Restaurants, wine stores, art galleries and luxury car dealers are doing frenzied business. At a benefit auction earlier this month, one bidder paid more than 13,000 Canadian dollars ($11,120) to go fly-fishing on a local river with Ron A. Brenneman, president and chief executive of Petro-Canada. “I don't see any black clouds on the horizon,” Mr. Brenneman said with a smile.
The same might be said for much of Canada. Unemployment is at a 30-year low, the Toronto stock market reached a historical high this month and real estate is booming virtually everywhere. Oilmen here are now calling the Canadian dollar, which has climbed more than 35 percent against the American dollar since early 2002, a new petrocurrency.
The high cost of extracting oil from oil sands is no longer a major impediment to production, now that oil prices are at $60 a barrel or more and most experts expect them to remain relatively high for years. There were only a dozen oil sands projects in Alberta a decade ago. Today there are about 60, and 55 more have been announced for the future.
But Canada also has some losers amid the boom. Eastern manufacturers have had to retool, consolidate and shed 180,000 jobs in the last two years, as cheaper products enabled China to replace Canada as the top exporter of nonenergy products to the American market. Capital investment among manufacturers has decreased since 2000, although now it is recovering.
“There's no doubt we have a mild case of Dutch disease running in Canada,” said Don Drummond, senior vice president and chief economist at TD Bank, referring to the deindustrialization of the Netherlands after the discovery of North Sea gas in the 1970's.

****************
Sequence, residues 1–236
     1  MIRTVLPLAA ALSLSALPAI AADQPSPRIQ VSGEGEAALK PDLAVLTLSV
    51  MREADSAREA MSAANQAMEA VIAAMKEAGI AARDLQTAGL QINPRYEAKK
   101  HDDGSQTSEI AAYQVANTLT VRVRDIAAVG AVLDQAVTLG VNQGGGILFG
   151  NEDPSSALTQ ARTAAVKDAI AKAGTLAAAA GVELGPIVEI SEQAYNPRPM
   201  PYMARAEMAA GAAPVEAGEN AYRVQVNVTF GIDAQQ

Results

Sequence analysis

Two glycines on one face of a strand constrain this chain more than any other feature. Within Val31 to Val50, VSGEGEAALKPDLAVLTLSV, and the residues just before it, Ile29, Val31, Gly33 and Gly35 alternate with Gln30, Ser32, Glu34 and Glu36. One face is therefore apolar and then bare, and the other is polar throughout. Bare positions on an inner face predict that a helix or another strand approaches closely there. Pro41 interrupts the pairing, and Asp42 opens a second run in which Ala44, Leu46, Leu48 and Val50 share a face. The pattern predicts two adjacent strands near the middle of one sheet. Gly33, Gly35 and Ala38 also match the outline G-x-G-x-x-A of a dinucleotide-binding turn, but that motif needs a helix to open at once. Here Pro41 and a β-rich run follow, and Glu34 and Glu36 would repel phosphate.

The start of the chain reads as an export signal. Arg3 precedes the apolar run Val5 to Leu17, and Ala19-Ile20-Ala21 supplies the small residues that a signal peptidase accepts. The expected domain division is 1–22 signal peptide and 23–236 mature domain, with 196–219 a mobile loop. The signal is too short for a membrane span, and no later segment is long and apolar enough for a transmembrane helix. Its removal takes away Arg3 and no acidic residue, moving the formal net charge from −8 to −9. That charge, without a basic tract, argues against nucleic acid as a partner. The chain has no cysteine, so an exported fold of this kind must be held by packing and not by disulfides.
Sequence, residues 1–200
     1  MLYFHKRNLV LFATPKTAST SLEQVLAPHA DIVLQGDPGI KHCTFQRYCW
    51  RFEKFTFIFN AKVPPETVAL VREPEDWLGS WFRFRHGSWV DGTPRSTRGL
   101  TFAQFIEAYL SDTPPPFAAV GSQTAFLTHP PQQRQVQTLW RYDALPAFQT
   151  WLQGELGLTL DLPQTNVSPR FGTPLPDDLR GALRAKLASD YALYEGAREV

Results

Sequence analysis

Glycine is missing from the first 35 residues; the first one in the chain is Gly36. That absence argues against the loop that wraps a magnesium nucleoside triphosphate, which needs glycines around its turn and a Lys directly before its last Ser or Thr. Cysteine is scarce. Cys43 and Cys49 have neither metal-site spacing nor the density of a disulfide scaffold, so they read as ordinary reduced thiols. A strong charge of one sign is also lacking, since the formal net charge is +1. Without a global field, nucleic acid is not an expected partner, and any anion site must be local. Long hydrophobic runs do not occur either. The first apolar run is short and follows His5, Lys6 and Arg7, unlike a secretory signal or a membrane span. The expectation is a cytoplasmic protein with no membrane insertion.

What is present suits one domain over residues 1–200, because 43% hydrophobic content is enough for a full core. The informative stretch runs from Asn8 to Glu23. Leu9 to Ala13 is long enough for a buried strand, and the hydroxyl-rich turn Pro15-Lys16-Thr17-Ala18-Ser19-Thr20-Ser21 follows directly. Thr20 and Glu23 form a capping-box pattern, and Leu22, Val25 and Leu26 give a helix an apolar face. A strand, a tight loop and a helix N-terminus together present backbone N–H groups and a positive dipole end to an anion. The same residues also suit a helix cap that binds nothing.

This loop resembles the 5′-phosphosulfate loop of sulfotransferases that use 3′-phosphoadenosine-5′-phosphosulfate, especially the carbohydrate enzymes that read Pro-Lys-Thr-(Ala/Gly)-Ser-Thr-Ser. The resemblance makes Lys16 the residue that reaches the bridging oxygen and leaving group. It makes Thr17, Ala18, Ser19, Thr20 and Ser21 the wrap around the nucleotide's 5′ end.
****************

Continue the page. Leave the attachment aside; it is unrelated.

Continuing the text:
Particularly hurt have been companies manufacturing household appliances, electrical equipment, plastic and rubber products, textiles and paper.
At Edson Packaging Machinery Ltd. of Hamilton, Ontario, one-third of the 85 workers were laid off in 2003. By switching to American suppliers, changing its product mix and putting more emphasis on service, Edson has rebounded somewhat and increased its payroll again.
“It's a tale of two economies,” said Robert Hattin, Edson's president. “The resource-based economy is hot and manufacturing right now is facing challenges we haven't seen before.”
Alberta has 10 percent of the population, but directly produces 15 percent of Canada's gross domestic product. Both numbers are likely to rise in the coming years, economists say.
“This is pretty close to the hub of Canada right now,” said Kevin Ellsworth, a 42-year-old Shell truck operator from eastern Canada who moved here nearly four years ago. “Every time you turn around there's another plant project coming to town.”
Mr. Ellsworth's enthusiasm is typical of many workers here and fits neatly with the dimensions of his job. His dump truck carries 400 tons of oil sands and reaches seven stories high when its box is lifted on its hydraulic cylinder. With overtime, he can make more than 100,000 Canadian dollars a year.
Shell's oil sands venture contains enough pipe to stretch from Calgary to San Francisco and its mile-long conveyor belt has the largest capacity in the world. But the venture is only going to become bigger.
After several stalled oil sands efforts, Shell was faced in 1996 with the prospect of losing a lease on land north of Fort McMurray that it now believes holds more than five billion barrels of oil. With a barrel of oil worth under $20 a barrel at the time, development of the oil sands did not seem worth the investment.
But Shell brought in Chevron and another partner and went ahead with a project three years later, just as the price of oil was poised to climb. In less than four years and with an investment of 5.7 billion Canadian dollars ($4.9 billion) its project is already producing 155,000 barrels a day.
That was only the beginning. New land acquisitions and at least two more mines are planned over the next decade. A 7.3 billion-Canadian-dollar ($6.2 billion) expansion will add another 100,000 barrels a day by 2009. Shell hopes to reach 500,000 barrels a day by 2015, equivalent to half the current daily production in all of Texas.
“It's the 'holy cow,' ” said Craig Simpson, a Shell mining engineer. “What people don't realize is how big this is.”